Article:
A lesser-known threat to vines during the growing season is powdery mildew. To better understand how to manage this fungus, the weather stations also have a mildew calculator that measures moisture in the air as well as high and low pressure systems. With higher air moisture and lower pressure, the chance of powdery mildew growing on the vine’s leaves is much higher, therefore a fungicide may need to be sprayed. Precise data readings allows us to better understand when spraying is needed and reduces the number of sprays overall. Spraying against powdery mildew accurately and less often reduces tractor passes, which reduces fuel usage and allows for less soil compaction. Soil compaction reduces pore spacing in the soil, leading to less water absorption, a slow down of aeration, and can stunt the growth of roots. These are just a few reasons as to how using weather stations and soil probes can reduce water usage and GHG.
Since we were also fortunate enough to earn a grant for 2017, our next stop at the vineyard took us to a west facing hill that will be the future home of solar panels. The goal of this project is to make our irrigation system completely energy independent. With hundreds of acres planted over the past year, our irrigation system needs more clean power to run efficiently which is why this project integrates with our sustainability goals. This project will begin over the summer and we hope to have the panels functioning by early next year.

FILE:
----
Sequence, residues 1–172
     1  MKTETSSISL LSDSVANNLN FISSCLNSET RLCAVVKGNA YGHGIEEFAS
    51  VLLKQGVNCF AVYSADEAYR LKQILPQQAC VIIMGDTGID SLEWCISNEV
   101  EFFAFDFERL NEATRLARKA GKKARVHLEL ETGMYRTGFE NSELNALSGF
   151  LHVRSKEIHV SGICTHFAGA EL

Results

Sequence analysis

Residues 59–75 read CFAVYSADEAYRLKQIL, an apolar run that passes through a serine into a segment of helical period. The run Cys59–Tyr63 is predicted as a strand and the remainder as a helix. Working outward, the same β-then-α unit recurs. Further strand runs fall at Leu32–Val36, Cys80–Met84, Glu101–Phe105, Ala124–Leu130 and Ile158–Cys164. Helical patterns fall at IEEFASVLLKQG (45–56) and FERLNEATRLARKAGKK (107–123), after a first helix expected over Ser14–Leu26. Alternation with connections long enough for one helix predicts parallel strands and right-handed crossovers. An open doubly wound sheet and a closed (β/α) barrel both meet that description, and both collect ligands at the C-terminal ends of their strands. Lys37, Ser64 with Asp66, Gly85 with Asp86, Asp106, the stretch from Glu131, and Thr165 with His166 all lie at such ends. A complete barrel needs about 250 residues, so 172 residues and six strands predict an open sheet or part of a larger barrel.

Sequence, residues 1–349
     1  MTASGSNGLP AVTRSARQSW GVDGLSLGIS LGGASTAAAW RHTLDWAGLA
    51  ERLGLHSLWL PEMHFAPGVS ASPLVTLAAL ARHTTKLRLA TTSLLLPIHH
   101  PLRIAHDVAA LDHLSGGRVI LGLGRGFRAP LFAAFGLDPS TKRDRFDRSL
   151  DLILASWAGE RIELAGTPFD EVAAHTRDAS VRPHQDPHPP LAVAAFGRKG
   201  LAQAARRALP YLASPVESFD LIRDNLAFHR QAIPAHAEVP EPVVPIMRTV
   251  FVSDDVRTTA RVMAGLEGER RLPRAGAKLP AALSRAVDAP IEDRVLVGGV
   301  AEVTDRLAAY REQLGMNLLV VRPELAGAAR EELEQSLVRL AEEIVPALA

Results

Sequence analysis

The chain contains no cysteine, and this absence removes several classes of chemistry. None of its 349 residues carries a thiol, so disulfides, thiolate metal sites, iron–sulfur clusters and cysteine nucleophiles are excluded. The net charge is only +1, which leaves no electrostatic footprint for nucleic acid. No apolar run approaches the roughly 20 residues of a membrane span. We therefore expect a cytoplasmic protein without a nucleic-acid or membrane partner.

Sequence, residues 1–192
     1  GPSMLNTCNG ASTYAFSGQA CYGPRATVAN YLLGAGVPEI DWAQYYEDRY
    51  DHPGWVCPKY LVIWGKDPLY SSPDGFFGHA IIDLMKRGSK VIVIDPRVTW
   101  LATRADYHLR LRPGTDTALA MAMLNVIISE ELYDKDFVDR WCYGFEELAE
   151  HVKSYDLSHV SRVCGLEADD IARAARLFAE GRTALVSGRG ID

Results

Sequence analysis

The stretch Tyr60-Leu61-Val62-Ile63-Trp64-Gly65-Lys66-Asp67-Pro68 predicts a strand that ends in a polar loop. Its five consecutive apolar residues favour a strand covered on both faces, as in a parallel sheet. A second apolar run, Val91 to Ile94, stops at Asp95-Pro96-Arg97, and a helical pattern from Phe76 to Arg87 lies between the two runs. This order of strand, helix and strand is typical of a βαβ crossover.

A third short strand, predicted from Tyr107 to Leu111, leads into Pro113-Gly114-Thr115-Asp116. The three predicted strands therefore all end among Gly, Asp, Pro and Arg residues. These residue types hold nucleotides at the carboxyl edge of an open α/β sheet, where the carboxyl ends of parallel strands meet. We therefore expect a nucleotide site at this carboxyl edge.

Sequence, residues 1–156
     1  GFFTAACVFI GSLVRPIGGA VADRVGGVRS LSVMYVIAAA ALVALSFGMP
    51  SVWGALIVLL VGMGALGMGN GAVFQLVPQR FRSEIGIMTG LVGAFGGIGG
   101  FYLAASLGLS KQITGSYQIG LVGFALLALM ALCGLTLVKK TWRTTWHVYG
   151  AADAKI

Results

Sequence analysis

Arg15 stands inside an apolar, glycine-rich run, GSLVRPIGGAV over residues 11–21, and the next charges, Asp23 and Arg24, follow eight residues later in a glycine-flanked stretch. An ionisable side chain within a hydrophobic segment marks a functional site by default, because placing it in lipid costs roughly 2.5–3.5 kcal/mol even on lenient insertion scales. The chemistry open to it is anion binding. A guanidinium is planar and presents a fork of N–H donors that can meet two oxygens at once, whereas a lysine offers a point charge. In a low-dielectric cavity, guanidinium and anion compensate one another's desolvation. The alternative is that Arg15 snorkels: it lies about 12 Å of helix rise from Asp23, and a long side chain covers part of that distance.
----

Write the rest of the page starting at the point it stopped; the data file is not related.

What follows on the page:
The inspiration behind the SWEEP grant was to get California through the drought and introduce new farming technologies to farmers across the state. For Broken Earth Winery, this grant has given us the opportunity to implement many new technologies for a greater purpose. In conjunction with the SWEEP grant, we hope to continue our mission of sustainability for the betterment of both our local and global environment, as well as our customers, so we can all enjoy sustainably grown wine.
Photo Credit: Kate Hauber
We have recently renewed the tradition of holding monthly staff wine tastings here at Broken Earth Winey. This gives us the opportunity to come together, learn about wine, and of course have a little fun.
This past week we started anew by blind tasting rosés from around the world. Rosés traditionally contain the freshest juice from the most current vintage. Therefore, this tasting gave us a hint of what the 2016 vintage was like from a global perspective.
The tasting was hosted by our Lab Manager Melanie, who chose twelve wines to pour, breaking them down into four themed flights that covered regions from the southern hemisphere, Spain, France, and Paso Robles. Each wine showed its own unique personality, differing by location and choice of production process.